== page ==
Overclock.net › Forums › AMD › AMD CPUs › AMD No longer a viable option for mid-high end?
New Posts  All Forums:Forum Nav:

AMD No longer a viable option for mid-high end? - Page 59  

post #581 of 1593
Im pretty sure I read something that 768p is the most common resolution today though
    
CPUMotherboardGraphicsRAM
i7 2670 @ 2.8Ghz m4600 m5100 @ 1100c/1500m 16GB DDR3 1333Mhz 
Hard DriveHard DriveHard DriveHard Drive
c300 128GB SSD 2TB FireCuda 7mm 2TB Firecuda 7mm 1TB 5400rpm 
Hard DriveOSMonitorPower
750GB 5400rpm Windows 10 x64  1920x1080 @90hz 150w 
Mouse
Corsair M40 
  hide details  
    
CPUMotherboardGraphicsRAM
i7 2670 @ 2.8Ghz m4600 m5100 @ 1100c/1500m 16GB DDR3 1333Mhz 
Hard DriveHard DriveHard DriveHard Drive
c300 128GB SSD 2TB FireCuda 7mm 2TB Firecuda 7mm 1TB 5400rpm 
Hard DriveOSMonitorPower
750GB 5400rpm Windows 10 x64  1920x1080 @90hz 150w 
Mouse
Corsair M40 
  hide details  
post #582 of 1593
Quote:
Originally Posted by Kinaesthetic View Post

Warning: Spoiler! (Click to show)
Quote:
Originally Posted by sdlvx View Post

Some of you are missing the point of APUs.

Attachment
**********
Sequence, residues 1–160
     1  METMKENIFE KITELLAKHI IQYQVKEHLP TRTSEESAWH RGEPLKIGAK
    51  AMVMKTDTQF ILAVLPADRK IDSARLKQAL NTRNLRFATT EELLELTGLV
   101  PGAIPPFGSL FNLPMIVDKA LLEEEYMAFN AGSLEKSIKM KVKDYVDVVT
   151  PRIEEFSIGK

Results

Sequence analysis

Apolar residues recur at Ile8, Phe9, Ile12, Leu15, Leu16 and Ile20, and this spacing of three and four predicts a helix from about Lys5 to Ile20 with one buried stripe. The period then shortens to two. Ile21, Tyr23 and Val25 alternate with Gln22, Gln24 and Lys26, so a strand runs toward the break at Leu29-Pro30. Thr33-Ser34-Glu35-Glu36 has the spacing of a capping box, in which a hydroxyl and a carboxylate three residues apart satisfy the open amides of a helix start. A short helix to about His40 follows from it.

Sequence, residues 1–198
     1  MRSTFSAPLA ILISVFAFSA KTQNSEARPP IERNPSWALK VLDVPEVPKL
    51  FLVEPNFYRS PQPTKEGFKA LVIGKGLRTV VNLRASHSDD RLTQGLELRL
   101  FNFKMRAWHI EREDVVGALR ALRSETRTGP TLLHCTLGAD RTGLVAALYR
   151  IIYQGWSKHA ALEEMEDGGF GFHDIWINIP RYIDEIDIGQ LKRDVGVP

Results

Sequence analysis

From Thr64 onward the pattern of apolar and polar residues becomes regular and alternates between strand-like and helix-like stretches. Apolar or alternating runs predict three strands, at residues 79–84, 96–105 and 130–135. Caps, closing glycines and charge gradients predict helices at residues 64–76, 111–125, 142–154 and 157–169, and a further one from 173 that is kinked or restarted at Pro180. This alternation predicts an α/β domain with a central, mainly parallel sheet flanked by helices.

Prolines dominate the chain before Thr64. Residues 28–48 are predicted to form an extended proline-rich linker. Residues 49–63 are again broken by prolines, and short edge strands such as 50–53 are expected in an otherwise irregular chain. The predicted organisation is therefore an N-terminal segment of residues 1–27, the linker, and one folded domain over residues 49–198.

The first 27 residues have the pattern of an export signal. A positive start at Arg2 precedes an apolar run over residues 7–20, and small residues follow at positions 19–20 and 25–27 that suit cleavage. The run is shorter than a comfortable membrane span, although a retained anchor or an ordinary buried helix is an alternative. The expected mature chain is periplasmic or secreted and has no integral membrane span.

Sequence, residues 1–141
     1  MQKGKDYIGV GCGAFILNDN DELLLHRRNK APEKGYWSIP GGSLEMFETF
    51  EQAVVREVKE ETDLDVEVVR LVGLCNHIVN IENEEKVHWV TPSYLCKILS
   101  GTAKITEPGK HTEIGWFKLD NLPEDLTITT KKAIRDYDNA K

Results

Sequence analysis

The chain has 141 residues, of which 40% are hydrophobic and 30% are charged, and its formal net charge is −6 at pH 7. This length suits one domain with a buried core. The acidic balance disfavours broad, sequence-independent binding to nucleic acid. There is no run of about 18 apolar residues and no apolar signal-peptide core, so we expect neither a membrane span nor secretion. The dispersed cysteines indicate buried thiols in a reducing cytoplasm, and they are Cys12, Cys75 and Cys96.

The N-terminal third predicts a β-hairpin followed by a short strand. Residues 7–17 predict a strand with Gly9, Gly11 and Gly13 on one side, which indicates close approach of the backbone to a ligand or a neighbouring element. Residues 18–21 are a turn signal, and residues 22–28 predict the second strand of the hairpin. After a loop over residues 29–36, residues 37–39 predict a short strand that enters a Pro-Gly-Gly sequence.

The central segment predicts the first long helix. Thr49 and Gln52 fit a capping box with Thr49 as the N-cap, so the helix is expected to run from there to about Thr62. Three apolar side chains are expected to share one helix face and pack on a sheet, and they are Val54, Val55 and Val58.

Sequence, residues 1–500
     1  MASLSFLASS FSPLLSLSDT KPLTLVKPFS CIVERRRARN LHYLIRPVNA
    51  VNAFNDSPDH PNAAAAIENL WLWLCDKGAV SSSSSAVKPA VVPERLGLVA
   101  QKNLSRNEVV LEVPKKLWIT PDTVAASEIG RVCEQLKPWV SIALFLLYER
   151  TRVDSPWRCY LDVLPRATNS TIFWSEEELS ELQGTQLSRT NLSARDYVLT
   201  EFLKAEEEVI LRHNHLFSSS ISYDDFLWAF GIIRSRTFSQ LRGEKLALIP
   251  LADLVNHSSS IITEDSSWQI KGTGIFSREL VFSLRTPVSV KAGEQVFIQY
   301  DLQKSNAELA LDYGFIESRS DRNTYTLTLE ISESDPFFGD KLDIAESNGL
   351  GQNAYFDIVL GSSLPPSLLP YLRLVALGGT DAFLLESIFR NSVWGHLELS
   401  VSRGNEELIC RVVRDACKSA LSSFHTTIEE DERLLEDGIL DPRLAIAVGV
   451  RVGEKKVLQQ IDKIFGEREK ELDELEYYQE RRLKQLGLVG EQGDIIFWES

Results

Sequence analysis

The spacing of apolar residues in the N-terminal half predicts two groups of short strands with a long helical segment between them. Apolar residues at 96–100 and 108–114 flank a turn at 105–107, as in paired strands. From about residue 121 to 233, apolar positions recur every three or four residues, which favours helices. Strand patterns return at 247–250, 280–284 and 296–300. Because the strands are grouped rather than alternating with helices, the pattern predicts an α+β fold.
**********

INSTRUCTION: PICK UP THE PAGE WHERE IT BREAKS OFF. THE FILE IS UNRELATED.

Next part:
HSA is the future for AMD. The problem is that HSA has the chicken and egg problem.


Developers won't make HSA programs because no one has HSA hardware, and people won't buy HSA hardware because there is no software for it.


What AMD is trying to do with Kaveri is grow an install base for HSA compatible systems, so AMD can approach software developers with HSA tools, show them people do own HSA enabled devices, and then the software company will be more likely to support HSA.


AMD's end game is HSA.





7850k with HSA should even beat 4930k. But it needs the software. And as I mentioned earlier, there's a big problem with getting the software or the hardware out there first.


AMD is making an effort to get hardware sold by pushing gaming. Some day they will "flick a switch" and there will be HSA software for all these APU systems that are HSA aware. But for now HSA is just a few really good benchmarks for things a lot of enthusiasts who care about gaming won't run.


Also






FX 8350 competes with 4770k, not 4670k, but only in workloads that scale properly to several threads. 4770k is 6% faster than FX 8350, but FX 8350 is 16% faster than 4670k in x264 (a benchmark I would consider that scales properly with multiple threads.


I'm not sure if that version of x264 is using AVX2, but like I say with everything regarding Intel vs AMD. You need to look at what programs you actually run and if the trade offs of going AMD are worth it.


For me, Blender is the most important thing for me and FX 8350 runs very well compared to Intel's offerings when Intel is just using Windows. I don't care about x264. But some people might care about x264 and not care about Blender.